Gary Miller, longtime archdiocese employee, remembered for big heart and enormous talent

Aaron Lambert

Gary Miller, a longtime and beloved employee of the Archdiocese of Denver, died peacefully surrounded by his family on Dec. 26, 2020. He was 71.

During his tenure in the planning and construction department with the archdiocese, Miller worked tirelessly on countless construction projects throughout the archdiocese, including the restoration of the Cathedral Basilica. He was well-respected by all who worked with him, and he carried out his job in humble service of those who sought his expertise.

“I believe that Gary did not consider his time at the Archdiocese to be ‘work’ in the true sense of the word, but instead it provided an opportunity to support God’s work through the completion of construction projects,” said Gordon Scott, a longtime friend of Miller’s and one of his co-workers in the planning and construction department at the archdiocese.

As officemates, Schott and Miller would discuss faith, family, friends and Nebraska Husker football, which Miller was a dedicated fan of. Schott also recalled his friend’s warm sense of humor.

“At the beginning of the workday as I entered the office, Gary would often note, I am glad you decided to return,'” Schott said. “At the end of the day, a common parting sendoff was ‘don’t forget to come back.'” 

Prior to working at the archdiocese, Miller spent an accomplished 34-year career designing power plants for Xcel Energy (formerly Public Service Company of Colorado). Upon retirement from Xcel, Miller took a position with the archdiocese, where he worked for almost 14 years.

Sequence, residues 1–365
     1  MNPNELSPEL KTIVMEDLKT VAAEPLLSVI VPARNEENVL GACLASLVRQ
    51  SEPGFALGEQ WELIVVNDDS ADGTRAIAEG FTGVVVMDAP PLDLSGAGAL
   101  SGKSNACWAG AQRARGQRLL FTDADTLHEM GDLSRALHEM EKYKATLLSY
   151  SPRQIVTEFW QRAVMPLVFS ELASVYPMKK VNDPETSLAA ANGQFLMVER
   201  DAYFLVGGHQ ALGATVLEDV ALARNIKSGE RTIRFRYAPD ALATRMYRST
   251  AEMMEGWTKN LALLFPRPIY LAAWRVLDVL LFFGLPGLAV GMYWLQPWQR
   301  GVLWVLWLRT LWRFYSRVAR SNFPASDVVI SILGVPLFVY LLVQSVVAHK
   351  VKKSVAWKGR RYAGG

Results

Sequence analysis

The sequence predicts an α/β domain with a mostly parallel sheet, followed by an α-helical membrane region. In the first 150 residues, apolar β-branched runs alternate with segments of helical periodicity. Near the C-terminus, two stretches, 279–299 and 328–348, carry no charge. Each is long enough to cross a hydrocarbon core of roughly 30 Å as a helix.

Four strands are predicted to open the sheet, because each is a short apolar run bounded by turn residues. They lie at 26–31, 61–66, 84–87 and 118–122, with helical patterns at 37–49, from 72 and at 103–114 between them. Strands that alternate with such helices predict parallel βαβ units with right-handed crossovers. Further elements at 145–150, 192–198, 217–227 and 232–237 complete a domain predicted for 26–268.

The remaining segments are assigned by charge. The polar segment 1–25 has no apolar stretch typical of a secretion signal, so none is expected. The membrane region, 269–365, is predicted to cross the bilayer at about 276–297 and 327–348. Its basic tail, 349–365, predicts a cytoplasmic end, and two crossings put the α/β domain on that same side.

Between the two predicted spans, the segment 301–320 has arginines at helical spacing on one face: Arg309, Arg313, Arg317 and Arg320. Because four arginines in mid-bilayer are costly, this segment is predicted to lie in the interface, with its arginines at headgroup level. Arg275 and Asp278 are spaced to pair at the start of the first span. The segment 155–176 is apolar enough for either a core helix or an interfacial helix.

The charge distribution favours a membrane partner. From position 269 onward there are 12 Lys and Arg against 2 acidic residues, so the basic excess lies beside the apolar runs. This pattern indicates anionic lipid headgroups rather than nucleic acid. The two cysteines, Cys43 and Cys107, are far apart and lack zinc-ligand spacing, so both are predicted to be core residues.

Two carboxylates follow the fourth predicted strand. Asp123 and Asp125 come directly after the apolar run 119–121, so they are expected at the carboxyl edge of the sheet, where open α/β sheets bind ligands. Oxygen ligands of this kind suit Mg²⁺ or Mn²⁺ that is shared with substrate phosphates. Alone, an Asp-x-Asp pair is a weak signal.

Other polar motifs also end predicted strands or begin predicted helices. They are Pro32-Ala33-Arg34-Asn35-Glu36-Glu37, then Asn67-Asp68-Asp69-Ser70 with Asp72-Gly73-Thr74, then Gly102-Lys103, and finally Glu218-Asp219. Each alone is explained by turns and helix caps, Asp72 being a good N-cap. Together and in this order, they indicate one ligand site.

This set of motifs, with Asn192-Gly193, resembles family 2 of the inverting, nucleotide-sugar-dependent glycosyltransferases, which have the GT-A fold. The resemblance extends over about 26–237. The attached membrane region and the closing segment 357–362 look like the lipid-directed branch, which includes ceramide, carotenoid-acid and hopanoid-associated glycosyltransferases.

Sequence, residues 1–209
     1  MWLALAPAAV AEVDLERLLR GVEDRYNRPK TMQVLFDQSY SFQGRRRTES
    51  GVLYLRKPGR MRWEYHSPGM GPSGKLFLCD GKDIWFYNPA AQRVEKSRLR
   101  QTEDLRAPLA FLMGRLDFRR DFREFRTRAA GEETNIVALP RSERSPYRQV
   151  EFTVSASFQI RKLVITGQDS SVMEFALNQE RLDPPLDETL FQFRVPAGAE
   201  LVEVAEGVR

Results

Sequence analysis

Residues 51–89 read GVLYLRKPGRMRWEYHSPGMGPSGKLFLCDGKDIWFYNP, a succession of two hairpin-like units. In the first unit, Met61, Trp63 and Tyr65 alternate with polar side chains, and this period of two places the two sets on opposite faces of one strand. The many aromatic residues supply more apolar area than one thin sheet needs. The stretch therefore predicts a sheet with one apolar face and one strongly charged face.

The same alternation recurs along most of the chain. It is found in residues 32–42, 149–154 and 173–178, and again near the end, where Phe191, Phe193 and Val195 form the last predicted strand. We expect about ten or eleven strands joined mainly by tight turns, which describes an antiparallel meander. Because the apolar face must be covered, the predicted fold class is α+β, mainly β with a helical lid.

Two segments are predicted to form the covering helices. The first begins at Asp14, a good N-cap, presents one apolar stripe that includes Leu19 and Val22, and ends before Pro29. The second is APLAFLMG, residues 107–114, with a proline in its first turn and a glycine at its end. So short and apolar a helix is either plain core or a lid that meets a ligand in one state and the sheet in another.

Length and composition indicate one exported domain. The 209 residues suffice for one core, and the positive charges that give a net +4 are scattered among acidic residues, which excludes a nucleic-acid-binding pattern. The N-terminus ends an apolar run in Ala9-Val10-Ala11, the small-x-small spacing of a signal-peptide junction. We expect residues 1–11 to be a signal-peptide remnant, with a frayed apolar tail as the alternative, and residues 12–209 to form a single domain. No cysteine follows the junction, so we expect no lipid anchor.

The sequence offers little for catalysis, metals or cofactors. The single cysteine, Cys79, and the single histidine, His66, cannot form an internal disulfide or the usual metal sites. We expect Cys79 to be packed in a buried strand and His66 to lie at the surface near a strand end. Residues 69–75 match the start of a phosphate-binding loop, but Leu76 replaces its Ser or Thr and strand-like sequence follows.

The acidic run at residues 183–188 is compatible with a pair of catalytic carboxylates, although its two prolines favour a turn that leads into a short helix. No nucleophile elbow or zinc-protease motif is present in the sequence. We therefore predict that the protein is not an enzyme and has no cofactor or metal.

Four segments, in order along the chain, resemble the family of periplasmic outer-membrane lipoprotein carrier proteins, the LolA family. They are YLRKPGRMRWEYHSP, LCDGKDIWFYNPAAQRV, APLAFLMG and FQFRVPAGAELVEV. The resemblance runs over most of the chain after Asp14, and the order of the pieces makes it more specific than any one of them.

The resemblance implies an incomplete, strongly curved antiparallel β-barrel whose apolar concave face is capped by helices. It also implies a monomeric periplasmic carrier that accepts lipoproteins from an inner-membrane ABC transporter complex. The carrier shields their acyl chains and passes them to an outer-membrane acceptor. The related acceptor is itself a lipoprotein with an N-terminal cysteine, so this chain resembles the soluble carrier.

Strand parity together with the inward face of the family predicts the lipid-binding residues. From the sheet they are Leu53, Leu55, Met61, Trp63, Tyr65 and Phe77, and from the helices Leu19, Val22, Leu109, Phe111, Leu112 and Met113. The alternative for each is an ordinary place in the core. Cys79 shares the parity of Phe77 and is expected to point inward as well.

“Gary is a great mentor and friend! I relied on him for his institutional memory – he worked here for almost 14 years – and his executive expertise,” said Mike Wisneski, Director of Planning of Construction for the archdiocese and another of Miller’s close co-workers. “Gary was a senior member with Public Service Company of Colorado and Xcel Energy and brought an interesting perspective to working with clergy.  I believe that every priest he worked with respected him and liked him.”

Miller had no greater passion in life than his two children and four grandchildren, whom he loved dearly. He and his wife Linda were at every game, concert and school event that his kids and grandkids were, and he loved to play golf with his son and grandson. Another of Miller’s passions was flying, which Wisneski enjoyed hearing about.